In my mis-spent early twenties, a friend and I created a fantasy world map for our RPG sessions. Yes, I played Dungeons and Dragons – and later a game we invented ourselves to get around the sillier D&D ideas. The world was designed around what we might call the ‘rule of funny’, with place names made up mostly of … More Three rules for naming your fantasy world
Last week’s Olympics left me thinking. We’re a bunch of wimps. I mean, not just those of us who sit at home watching ultra-fit twenty-something athletes shatter world records. All of us. Including the athletes. Humanity has been getting punier for millenia. Footprints discovered in dried Australian mud and dated around 26,000 years ago make … More Worldbuilding: Olympics ptooey, we’re all a bunch of wimps
News broke this week that two sequels for Avatar will be filmed in New Zealand. Unsurprising. James Cameron’s moved here – he’s bought a farm in the Wairarapa. I don’t know I’ll bother with the new Avatar films, though. I slept through the first movie. Twice. The main problem was the excruciating Vietnam war-meets-Pocahontas-meets-Dancing-With-Wolves plotline. But I wasn’t inspired … More Worldbuilding: are you going to watch the Avatar sequels?
Peter Jackson held the wrap-up party for The Hobbit the other week. Principal shooting’s finished for both movies, and the first will be released at the end of this year. I have to say that despite the buzz in Wellington about stars in our midst, I never saw any. Except Billy Connolly, who turned up … More Worldbuilding: what now for ‘The Hobbit’?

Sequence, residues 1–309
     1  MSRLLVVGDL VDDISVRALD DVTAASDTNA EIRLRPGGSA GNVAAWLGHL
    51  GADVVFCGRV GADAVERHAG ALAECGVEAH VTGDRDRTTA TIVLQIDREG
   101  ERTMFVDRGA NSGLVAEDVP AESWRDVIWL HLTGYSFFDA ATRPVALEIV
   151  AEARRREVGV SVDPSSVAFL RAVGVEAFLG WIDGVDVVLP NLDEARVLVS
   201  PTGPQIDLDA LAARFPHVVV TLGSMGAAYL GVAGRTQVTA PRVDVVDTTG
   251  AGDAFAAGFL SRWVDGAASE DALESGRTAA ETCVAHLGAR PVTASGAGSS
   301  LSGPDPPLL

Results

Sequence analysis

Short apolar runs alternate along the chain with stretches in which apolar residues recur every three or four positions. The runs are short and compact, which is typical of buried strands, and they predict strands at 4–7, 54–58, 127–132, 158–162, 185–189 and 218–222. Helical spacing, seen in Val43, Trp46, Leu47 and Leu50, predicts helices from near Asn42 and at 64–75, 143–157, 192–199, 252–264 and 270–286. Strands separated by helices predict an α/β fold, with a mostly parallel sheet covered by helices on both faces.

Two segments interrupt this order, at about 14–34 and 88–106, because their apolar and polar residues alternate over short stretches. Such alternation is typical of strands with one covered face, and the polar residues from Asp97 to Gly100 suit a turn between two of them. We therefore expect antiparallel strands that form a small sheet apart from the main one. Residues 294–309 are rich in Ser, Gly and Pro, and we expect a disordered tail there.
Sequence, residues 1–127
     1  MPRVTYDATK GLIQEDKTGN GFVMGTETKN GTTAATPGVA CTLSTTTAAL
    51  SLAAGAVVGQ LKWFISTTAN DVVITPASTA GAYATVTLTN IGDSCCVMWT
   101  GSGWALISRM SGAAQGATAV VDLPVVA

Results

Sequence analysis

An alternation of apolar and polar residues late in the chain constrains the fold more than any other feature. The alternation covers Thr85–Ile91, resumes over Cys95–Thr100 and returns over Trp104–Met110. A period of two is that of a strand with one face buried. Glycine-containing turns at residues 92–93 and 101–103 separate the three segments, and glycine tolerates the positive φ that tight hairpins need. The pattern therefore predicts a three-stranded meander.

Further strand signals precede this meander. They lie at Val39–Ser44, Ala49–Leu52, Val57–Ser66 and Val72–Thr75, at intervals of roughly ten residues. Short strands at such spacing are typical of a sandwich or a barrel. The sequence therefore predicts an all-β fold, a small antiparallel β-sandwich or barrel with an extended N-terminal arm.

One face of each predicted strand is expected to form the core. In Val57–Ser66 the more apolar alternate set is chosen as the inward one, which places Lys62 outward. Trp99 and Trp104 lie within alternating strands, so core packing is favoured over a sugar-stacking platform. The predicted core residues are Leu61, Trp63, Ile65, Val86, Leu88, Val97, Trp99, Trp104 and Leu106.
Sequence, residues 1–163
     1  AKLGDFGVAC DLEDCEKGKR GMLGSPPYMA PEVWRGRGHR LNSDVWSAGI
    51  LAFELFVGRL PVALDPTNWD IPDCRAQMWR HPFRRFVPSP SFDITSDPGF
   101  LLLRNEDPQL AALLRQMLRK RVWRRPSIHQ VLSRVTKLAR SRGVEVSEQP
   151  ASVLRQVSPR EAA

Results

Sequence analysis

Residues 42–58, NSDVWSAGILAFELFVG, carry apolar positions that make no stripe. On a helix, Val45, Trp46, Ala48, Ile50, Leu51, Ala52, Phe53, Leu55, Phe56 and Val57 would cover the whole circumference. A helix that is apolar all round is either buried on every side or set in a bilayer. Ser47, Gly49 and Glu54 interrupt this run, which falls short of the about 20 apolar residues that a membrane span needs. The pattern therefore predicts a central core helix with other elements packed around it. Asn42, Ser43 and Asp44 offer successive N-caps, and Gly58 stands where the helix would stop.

My book Convicts – New Zealand’s Hidden Criminal Past is being published tomorrow by Penguin, and today I thought I’d share one of the stories. It had to be assembled from dissonant pieces of documentary evidence – an example of how non-fiction is also world-building. This story is a good one. Betrayal, deceit, murder, treachery. And more. The … More Worldbuilding: Britain’s cannibal captain
Does anybody remember UFO? Gerry Anderson’s first live-action sci-fi series, made around 1970 and set in a modish ‘1980’. A romp of a tale with mysterious green-skinned aliens, a talking satellite named SID, spandex-clad moon women with purple wigs and a heroic alien-fighting commander named Ed Straker. When I was 8, I used to get Commander Straker haircuts. … More Worldbuilding: what UFO – yeah, THAT UFO – teaches writers
Ever been stuck sorting out characters for your story? Especially secondary characters that you can’t put too much time into but which still need that realistic edge. Today I thought I’d share an ideas trick that might work for you. A card game. That’s right. A card game. Alice in Wonderland style, slightly. Here’s how. Make a … More Worldbuilding: card characters for novelists
It always strikes me as odd, in this age of you-must-plan writing, that the greatest novel of the twentieth century wasn’t planned at all Tolkien’s The Lord Of The Rings grew, as he explains in the preface, with the telling. At times – as when he had got his heroes to the gates of Moria, … More Top tips from Tolkien – iteration vs planning
Writing from experience is usually the first lesson that writers have hammered at them. Write what you know. It’s certainly the most important part of building a credible world for your story. But what does that really mean? Does it mean that we should write about our own lives? Of course not. Take J R … More Worldbuilding: Tolkien wrote from experience too
Most authors dream of following on from J. R. R. Tolkien’s The Lord of the Rings – writing a novel that becomes not just wildly popular, but an iconic pillar of western literature. Why was The Lord Of The Rings so iconic ? Tolkien himself had no such ambitions. He had to be prodded to finish … More Worldbuilding: how writers can be iconic like Tolkien